To help you drive the discussion and begin to set the proper expectations when planning to implement a software asset management program, the next section highlights a range of software asset management misconceptions and fundamental truths.
Challenges and fundamental truths of Software Asset Management
Below is a collection of some of the most common challenges and truths about software asset management, which I’ve seen organizations either ignore or discount over the years. Many of these are the result of organizations jumping in too quickly without any experience, setting unrealistic expectations, and not defining a focused scope with a phased approach (in other words, the three common mistakes identified above):
- No single tool/solution – No single tool can discover all of your organization’s software and the data necessary to measure all license models (i.e. there’s no such thing as an out-of-the-box (OOTB) software asset management solution for all software). Some tools are better with certain vendors and/or platforms than others. Some vendors bundle and/or partner with other technologies and content to broaden their coverage. For example, on the discovery front, some software requires usage information and/or specific configuration settings (i.e. Oracle database licensing), while on the licensing front, the product use rights (PUR) can be very complex (think MIPS and points-based licensing). On either front, very specialized knowledge is required to create and maintain this level of specialization. This is just one factor as to why a phased approach is essential for software asset management success.
- Content drives automation – In today’s software asset management world, content is a critical success factor. Without it, the onus is on the customer to create and maintain it, which is not practical unless the scope is very limited. Content covers a wide range of areas including, but not limited to, discovery, license models/SKUs/PURs, maintenance, and end of life. For example, with PURs, the default license can be associated to the discovered software, significantly reducing the effort to measure compliance.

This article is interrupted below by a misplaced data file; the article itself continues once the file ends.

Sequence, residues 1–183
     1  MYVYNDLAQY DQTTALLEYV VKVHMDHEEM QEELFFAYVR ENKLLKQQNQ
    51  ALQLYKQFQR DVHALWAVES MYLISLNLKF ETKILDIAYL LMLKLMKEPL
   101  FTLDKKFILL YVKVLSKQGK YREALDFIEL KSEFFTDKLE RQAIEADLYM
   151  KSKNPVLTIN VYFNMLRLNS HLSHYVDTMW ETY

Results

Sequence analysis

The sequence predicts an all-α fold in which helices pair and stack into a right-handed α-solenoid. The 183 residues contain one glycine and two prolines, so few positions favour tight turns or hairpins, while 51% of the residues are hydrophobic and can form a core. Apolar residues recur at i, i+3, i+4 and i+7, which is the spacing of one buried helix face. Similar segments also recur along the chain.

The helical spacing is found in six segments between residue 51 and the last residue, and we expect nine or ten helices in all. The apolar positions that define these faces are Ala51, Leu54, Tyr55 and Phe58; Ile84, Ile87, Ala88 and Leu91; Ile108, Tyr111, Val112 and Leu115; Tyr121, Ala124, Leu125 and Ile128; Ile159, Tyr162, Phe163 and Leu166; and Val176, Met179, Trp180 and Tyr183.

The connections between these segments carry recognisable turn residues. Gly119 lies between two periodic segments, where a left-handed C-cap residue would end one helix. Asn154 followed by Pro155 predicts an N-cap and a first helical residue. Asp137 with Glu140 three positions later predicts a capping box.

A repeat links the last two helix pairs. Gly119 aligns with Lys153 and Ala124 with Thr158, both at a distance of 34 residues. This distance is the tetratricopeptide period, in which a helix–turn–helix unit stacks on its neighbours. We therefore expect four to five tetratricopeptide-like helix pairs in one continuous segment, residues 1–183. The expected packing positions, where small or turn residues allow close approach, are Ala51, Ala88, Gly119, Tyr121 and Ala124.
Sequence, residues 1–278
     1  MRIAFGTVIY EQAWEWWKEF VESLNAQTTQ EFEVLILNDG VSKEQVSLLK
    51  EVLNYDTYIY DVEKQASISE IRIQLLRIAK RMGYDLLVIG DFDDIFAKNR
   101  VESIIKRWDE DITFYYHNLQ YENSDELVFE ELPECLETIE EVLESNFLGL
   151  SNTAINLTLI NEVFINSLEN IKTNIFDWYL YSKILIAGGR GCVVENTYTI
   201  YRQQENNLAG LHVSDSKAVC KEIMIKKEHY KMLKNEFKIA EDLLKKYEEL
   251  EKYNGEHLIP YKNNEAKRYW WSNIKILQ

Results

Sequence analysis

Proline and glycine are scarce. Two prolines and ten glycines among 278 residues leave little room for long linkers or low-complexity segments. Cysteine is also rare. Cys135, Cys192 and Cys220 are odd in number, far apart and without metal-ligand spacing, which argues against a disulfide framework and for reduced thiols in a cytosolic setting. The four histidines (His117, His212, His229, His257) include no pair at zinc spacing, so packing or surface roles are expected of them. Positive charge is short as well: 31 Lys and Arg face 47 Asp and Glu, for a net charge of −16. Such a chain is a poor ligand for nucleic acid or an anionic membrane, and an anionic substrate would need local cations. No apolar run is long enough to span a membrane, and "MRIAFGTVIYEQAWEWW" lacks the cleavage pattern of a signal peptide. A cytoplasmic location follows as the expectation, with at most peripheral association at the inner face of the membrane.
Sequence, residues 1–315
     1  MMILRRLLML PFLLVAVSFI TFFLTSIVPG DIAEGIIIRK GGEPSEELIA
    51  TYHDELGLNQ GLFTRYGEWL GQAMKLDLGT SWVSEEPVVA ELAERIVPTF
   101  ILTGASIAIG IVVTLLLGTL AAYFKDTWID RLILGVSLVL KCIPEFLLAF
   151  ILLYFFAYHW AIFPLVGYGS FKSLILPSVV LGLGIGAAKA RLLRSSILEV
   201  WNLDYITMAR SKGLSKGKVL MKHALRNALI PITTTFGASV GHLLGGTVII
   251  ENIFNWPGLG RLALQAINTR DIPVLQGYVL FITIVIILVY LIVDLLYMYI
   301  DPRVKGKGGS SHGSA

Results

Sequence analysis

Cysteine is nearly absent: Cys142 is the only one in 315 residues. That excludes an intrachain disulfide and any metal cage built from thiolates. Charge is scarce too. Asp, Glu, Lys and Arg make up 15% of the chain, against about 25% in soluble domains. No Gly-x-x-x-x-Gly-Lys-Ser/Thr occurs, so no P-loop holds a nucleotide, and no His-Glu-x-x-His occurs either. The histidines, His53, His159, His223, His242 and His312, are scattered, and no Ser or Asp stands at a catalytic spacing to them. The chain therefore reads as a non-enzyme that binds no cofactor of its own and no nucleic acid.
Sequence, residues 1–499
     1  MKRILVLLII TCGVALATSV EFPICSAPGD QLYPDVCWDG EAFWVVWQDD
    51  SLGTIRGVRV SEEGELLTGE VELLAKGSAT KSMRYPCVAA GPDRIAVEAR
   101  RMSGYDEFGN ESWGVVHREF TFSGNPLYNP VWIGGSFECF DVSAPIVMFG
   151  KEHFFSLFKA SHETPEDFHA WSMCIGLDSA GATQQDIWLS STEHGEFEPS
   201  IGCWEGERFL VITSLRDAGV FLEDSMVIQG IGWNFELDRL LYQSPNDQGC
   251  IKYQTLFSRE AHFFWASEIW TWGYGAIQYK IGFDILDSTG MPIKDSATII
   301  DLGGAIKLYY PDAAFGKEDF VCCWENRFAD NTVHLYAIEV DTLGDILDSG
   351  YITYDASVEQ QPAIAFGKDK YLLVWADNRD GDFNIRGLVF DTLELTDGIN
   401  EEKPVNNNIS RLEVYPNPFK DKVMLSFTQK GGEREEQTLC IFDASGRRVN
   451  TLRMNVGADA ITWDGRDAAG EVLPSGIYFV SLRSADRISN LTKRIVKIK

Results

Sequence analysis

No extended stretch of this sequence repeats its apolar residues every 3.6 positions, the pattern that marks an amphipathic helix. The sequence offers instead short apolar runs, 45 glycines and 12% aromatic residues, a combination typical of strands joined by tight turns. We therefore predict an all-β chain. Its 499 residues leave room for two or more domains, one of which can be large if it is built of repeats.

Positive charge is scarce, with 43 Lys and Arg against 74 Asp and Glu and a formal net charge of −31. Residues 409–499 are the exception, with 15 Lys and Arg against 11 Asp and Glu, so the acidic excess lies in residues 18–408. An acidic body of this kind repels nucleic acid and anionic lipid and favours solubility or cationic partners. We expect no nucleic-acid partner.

- Complex and ambiguous – License models can be complex and ambiguous, and they’ll continue to be even more so. Datacenter software tends to be the most complex. Some information required to measure compliance may be difficult to collect. Not all vendor terms are clear and/or measurable and new license models continue to emerge. Note: Prior to the purchase of any software, organizations should verify the compliance terms in order to avoid any ambiguity. If you don’t know what to measure, you cannot be confident in your compliance position.
- Standards slow to adopt – Organizations have been slow to adopt the primary standards for software asset management (ISO/IEC 19770-1, -2 and -3) to further enhance automation and reduce the dependency of content services. As adoption grows, these standards (particularly -2 and -3 below) will reduce the dependency on content which is essential today to drive automation and reduce the software asset management effort: i) ISO 19770-1 provides a process framework for software asset management (note: it’s a great standard to evaluate and baseline your SAM program). ii) ISO 19770-2 provides the standard for software tagging (i.e. discovery) which software vendors are slowly adopting. iii) ISO 19770-3 provides the transport format, which is intended to drive standardization on the entitlements front.
- Cloud complexity – Cloud licensing adds complexity as this is typically (but not always) less of an issue regarding licensing and compliance and more about usage and optimization. Hence, some cloud vendors are getting better at controlling the usage to avoid non-compliance, which shifts the primary focus on the customer to ensure that they don’t over purchase (i.e. optimization over compliance) – an improvement over traditional on-premises software. The tools and technology to capture and manage cloud-based software are emerging and will become more prevalent in the next few years to improve optimization.